It was even more disturbing to her when Befana heard another knock at the door. This time, it was a shepherd. He was freezing and something about him made her remember what it had felt like to be a good wife and a kind neighbor. She invited him in to sit by the fire and he regaled her with the story of a terrifying angel, a baby and a star. He was a simple man and not inclined to argue with angels, so he was on his way to Bethlehem with his sheep. He wasn’t sure why the baby might need him and he asked Befana what it was that he should bring to such a child. Not being a father and never having met a king, he was unsure. Befana has been waiting years for anyone to ask her advice, to feel needed and of value for input. She responded with a wealth of information, a dam burst. But she did not tell him where this information came from. She did not tell him about what happened to her family. She did not tell him about the doll. As he prepared to leave, in gratitude and kindness, the shepherd asked Befana to join him on his special journey. But Befana was scared. She was scared of the night and the desert. She was scared of the three strangers who had come before and of the bright, shining star. In all the years past, she had barely set foot on the road past her house, and, though her heart leapt, she responded to the shepherd with a torrent of dismissals. She had too much sweeping to do. Too much tidying. But in her heart, she was afraid to leave her lonely little house and her small narrow life to follow a star that no-one had ever seen before. She sent the shepherd on his way and set to ridding her home of dinner crumbs. No sooner did the shepherd disappear over the hills than the sky lit up and a fresh clear wind carried ethereal sounds across the way. Suddenly Befana was afraid both outside of the house and inside of it. She thought regretfully that she would much rather be afraid in the company of the shepherd than alone, with the air breathing stars and wonder and this sound rushing across the night above her hut. She thought that, if she hurried, she might still find the shepherd. Quickly, she grabbed three oranges for the strangers, some sweets for the journey, her child’s blanket and the doll – the special doll from her wooden chest. At the last minute, she thought perhaps the child’s mother might need some help and she grabbed a broom to help with tidying. Then she rushed, terrified, across the desert and called for the shepherd as she ran. But her voice was lost in the wind and the stars and the song that filled the night. As she raced in what she thought was the right direction, she came across a village. Through nearly every window, she saw a child at rest and in peace. “Perhaps if I just leave the doll and blanket, the candy and oranges, I can just go home,” she told herself. It was a relief, this giving up. A hope to go back to the lonely, but safe life she had before all this. She left the doll at the cradle of the first babe she saw. And as she looked down at him, she thought of all the things she had dreamed for her own son and she wished them for this child. She tucked the blanket around him, laying down dreams as if they were gifts themselves wrapped around his sweetness and innocence. She lay the oranges and sweets beside the cradle and then crept away, with only her broom and her empty bag. Except the bag wasn’t empty.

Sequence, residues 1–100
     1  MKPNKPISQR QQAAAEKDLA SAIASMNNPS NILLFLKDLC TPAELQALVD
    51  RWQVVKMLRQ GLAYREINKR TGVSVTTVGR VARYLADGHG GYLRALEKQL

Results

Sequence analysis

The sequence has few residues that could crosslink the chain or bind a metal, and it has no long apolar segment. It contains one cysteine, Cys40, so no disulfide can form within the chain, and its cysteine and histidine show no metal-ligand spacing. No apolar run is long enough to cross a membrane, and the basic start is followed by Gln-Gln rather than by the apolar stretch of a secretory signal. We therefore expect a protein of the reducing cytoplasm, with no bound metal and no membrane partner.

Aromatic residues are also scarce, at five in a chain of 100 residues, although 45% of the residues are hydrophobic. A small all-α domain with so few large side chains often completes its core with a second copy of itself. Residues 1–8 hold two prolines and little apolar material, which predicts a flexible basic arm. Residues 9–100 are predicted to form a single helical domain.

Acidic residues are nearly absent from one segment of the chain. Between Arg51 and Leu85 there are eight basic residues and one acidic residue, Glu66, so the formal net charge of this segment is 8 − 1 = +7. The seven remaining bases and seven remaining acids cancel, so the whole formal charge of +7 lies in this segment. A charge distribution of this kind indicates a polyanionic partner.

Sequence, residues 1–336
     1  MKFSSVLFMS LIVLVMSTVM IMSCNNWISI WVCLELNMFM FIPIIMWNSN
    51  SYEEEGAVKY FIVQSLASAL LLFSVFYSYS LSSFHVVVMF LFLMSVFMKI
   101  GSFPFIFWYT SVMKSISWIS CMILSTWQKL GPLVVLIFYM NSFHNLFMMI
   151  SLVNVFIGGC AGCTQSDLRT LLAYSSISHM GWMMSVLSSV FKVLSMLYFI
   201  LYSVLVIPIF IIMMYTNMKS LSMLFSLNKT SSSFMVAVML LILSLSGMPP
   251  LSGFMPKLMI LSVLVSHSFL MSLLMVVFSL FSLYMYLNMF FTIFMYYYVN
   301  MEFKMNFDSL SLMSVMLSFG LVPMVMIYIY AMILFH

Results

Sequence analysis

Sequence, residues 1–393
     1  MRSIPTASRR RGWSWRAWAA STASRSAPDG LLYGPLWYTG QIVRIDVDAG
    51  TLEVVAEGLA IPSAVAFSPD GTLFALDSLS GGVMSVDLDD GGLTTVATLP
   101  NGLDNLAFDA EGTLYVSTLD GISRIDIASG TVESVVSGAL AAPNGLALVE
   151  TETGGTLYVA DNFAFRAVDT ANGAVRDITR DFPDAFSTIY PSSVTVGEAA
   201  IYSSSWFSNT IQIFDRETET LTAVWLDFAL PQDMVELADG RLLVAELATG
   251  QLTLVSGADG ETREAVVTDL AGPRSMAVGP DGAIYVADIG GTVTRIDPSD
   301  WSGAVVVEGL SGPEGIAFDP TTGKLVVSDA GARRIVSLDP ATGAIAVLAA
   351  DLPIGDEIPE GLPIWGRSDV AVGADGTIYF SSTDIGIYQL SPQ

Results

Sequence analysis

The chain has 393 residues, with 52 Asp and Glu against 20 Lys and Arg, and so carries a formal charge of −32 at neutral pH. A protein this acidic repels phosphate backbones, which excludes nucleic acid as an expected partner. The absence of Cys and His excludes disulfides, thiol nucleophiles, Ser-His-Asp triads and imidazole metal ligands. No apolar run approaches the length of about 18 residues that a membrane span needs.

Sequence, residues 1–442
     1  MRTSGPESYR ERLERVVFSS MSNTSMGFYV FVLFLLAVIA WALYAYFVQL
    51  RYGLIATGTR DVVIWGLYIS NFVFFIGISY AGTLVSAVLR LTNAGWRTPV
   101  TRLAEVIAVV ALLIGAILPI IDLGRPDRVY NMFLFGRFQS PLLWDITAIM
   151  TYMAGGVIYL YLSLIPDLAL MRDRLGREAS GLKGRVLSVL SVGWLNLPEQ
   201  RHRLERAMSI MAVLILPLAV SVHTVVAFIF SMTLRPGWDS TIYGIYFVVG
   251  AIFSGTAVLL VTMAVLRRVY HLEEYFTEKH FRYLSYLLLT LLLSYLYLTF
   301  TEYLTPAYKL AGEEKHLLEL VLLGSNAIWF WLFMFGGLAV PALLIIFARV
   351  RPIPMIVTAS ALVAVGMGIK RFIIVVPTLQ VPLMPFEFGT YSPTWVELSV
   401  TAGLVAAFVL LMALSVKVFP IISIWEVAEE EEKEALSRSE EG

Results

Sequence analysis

Befana was surprised that her bag still felt heavy and, when she peeked inside, she saw it still contained the doll, the blanket, the sweets and the oranges. She must have gotten lost in her own thoughts and forgotten to leave them, she thought. She turned to go back into the house with the sleeping babe, but found she didn’t recognize the house. She tried, but it wasn’t there and so she found another house in which she saw a little girl sleeping. Befana left her gifts on the pillow by the girl’s head, again offering dreams and wishes alongside. Again and again this happened. Every time Befana crossed a threshold, having left gifts and wishes, she felt her bag grow heavy again. She raced through the streets, trying to empty the sack of gifts and soon found she was in another village. Then another. Finally she raced so hard that her broom and her feet left the ground and her heart was as full as the bag she carried. As full as it had ever been when she held her own child and smiled at her own husband. And in that night she carried love, warmth, sweetness, joy and blessings to every child. It is said, on the night in the depths of Winter, Befana still rides her broom, sweeping the sky clean as she goes, searching for the shepherd and leaving gifts and blessings for the children as they sleep. And so, Befana teaches us so many things. That loss and pain can isolate us, particularly if we choose to cloak ourselves in anger in order to stave off loneliness. So much so that we appear odd to others who begin to choose to stay away. And yet, there always remains the capacity to love again and to experience our hearts as full and giving. She shows us how to move past the fear that keeps us in our own small places, engaged in activities that may feel so important in the moment but are truly serving to keep us stuck. She teaches us that strangers can help open our eyes to things we have overlooked for a long time. She shows us how to have the courage to allow dust and clutter to gather because there are more important things to attend to. She teaches us that the small and simple gifts can be significant, particularly when given with a blessing and a dream. Most importantly perhaps, Befana shows us, through her own transformation that one is never too old to experience an opening within. That, even if one has carried hurt for a long time, there is always the opportunity to give ourselves the gift of an open and loving heart. And this, in itself allows us the possibility of seeing the world from a place of wonder and magic. We can all be as children in the world, if we allow our hearts to let go of pain and see the beauty that lies before our eyes.